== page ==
Meta’s Facebook is joining the telecoms space and they have decided to come out of the gates with the longest undersea fiber optic cable at 45000km. To make this all happen they formed the 2Africa group which comprises other telecom operators. China Mobile International, Djibouti Telecom, Meta (Facebook), MTN GlobalConnect, Orange, Saudi Telecom Company (STC), Telecom Egypt, Vodafone, and WIOCC is the full list of the consortium.
The progress so far
The plan is for this fiber to cover the east and west sides of Africa. 46 landing points have been established in a total of 33 countries with South Africa being the latest one. There is also a 2Africa Pearls branch connecting to the Middle East and India.
2Africa subsea cable system will support the western and eastern sides of Africa, once complete in 2023 and 2024 respectively,MTN SA
This fiber cable will be adding an additional 180Tbps of capacity to Africa’s internet. To get an idea of it, Zimbabwe’s average internet bandwidth for Q2 2022 was just under 100Gbps. That is 1800 times what satisfies Zimbabwe so it is a lot of capacity. Of course, all this bandwidth is not going to South Africa but rather it is the capacity of the main 2Africa cable.
Once it goes live, 2Africa will have the highest bandwidth capacity as well as being the only Pan-African subsea cable covering the east and west sides of Africa.
What’s the big deal with this cable?
2Africa is just an additional link between Africa and the rest of the world when it comes to connectivity. That’s more capacity to connect with the world. Think of it as this. We already have 1 pipe irrigating a field at a certain rate in a field. That’s the internet capacity we already have right now. 2Africa is a second pipe coming in to irrigate the same field meaning the time we take irrigating is reduced.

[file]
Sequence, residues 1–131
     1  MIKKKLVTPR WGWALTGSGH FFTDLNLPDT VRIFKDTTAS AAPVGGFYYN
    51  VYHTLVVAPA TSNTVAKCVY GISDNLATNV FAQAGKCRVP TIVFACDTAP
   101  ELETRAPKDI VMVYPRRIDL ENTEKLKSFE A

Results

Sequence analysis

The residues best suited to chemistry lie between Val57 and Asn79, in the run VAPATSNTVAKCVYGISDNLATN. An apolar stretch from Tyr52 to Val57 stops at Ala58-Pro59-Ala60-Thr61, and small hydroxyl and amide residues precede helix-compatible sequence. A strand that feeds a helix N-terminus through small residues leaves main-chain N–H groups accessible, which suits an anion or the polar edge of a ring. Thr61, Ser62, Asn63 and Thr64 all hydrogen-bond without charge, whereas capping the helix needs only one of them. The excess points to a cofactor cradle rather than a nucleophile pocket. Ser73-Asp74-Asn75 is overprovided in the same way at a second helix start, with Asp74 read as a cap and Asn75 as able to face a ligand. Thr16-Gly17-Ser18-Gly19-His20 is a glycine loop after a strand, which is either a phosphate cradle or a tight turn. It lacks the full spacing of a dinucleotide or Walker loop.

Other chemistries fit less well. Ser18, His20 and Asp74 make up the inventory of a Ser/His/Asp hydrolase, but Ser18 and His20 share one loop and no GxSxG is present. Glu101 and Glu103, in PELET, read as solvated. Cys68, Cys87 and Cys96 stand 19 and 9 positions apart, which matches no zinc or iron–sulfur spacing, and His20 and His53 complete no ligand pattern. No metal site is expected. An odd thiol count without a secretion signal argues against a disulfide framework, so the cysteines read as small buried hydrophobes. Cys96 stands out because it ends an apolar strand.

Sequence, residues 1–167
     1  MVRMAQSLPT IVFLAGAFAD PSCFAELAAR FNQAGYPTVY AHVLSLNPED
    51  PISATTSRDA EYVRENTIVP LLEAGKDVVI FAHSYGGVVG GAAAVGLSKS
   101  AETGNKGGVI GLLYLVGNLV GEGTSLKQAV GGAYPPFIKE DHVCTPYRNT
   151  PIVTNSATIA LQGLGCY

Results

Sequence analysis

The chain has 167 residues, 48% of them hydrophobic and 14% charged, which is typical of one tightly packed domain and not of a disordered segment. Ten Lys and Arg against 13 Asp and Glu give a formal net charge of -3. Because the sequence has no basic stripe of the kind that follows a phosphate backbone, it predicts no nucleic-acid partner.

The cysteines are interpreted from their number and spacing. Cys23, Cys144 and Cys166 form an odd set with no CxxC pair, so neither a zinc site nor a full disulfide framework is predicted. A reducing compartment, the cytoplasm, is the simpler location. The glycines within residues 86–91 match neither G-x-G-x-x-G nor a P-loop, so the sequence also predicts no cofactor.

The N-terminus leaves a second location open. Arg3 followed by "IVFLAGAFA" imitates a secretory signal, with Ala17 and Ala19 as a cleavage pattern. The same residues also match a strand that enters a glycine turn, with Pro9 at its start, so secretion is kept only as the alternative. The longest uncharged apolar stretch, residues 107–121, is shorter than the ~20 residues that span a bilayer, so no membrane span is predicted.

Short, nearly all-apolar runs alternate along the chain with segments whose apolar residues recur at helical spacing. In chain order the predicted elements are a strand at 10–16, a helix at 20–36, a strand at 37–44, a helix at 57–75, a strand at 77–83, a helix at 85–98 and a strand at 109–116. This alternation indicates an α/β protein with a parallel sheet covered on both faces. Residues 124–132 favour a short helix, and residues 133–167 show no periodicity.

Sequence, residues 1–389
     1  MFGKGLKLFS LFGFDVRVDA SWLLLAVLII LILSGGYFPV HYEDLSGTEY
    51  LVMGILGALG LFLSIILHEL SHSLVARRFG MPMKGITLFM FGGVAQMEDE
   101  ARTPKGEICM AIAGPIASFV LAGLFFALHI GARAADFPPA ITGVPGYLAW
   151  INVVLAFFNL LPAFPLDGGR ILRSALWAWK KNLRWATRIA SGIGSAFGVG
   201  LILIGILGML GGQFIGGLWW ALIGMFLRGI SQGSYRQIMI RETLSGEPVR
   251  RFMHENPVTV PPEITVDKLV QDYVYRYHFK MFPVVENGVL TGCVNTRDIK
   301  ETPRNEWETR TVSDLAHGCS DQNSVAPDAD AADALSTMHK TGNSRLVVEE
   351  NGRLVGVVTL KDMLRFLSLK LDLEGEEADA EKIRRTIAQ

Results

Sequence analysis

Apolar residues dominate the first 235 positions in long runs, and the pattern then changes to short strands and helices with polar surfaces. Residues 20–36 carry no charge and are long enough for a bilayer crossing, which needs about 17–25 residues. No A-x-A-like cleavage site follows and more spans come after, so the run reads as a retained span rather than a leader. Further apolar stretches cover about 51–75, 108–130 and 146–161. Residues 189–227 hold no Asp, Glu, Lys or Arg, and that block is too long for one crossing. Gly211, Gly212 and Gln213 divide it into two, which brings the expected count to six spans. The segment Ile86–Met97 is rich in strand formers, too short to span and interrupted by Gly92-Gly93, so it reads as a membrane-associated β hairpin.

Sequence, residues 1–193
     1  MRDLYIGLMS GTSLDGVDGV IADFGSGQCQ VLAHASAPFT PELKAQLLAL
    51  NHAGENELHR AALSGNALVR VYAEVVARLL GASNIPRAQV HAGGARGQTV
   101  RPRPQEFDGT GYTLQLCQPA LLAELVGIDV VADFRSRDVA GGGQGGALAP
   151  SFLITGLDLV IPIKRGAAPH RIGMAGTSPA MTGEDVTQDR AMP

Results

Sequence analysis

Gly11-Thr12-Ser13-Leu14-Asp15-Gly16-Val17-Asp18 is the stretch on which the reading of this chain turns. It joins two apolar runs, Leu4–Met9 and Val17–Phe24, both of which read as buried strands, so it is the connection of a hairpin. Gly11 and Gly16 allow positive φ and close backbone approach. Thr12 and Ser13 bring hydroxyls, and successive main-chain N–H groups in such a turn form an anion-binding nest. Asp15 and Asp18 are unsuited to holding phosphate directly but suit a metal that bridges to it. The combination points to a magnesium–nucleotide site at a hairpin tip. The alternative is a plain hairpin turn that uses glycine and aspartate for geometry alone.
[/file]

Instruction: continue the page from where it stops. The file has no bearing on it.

In internet terms, Africa will have bigger pipes to connect to the world. Bigger pipes translate to faster internet as the obvious benefit, which makes sense considering Africa’s population has grown by over half a billion. In the same period, the internet penetration rate for Africa has gone from 1% to 30% and it’s a pretty exponential-looking graph.
So existing infrastructure was starting to struggle a bit with the rise in demand for internet services. And since bandwidth is a limited resource, all it meant is to manage traffic, speeds may need to be reduced.
Having more options means that there is competitive pricing of internet bandwidth. For coastal countries and especially those with landing sites for these undersea cables, bandwidth is quite affordable. This is primarily because IAPs in these countries have a direct link with the supplier which in this case is 2Africa.
2Africa is at the moment one of over 25 under sea cable providers servicing Africa and them coming into play means IAPs can negotiate for cheaper bandwidth which will also translate to the end user getting cheaper internet.
This now goes to how networks work. A few years ago, a major fiber link owned by Liquid was damaged by a farmer in South Africa causing massive internet blackouts in parts of Zimbabwe. How did this not affect every Liquid Home subscriber? This is because IAPs do not rely on one internet provider. They often have backups such that if one fails they can switch over to another and use that whilst they solve the issue with the other.
2Africa is coming in as an additional bandwidth wholeseller and one that is convenient to us on the southern side of Africa. And more of these players can be strategically chosen by IAPs to improve on availability of the service that they sell to you and me. So if a fault occurs on one link, traffic can be redistributed to other links and the service stays up.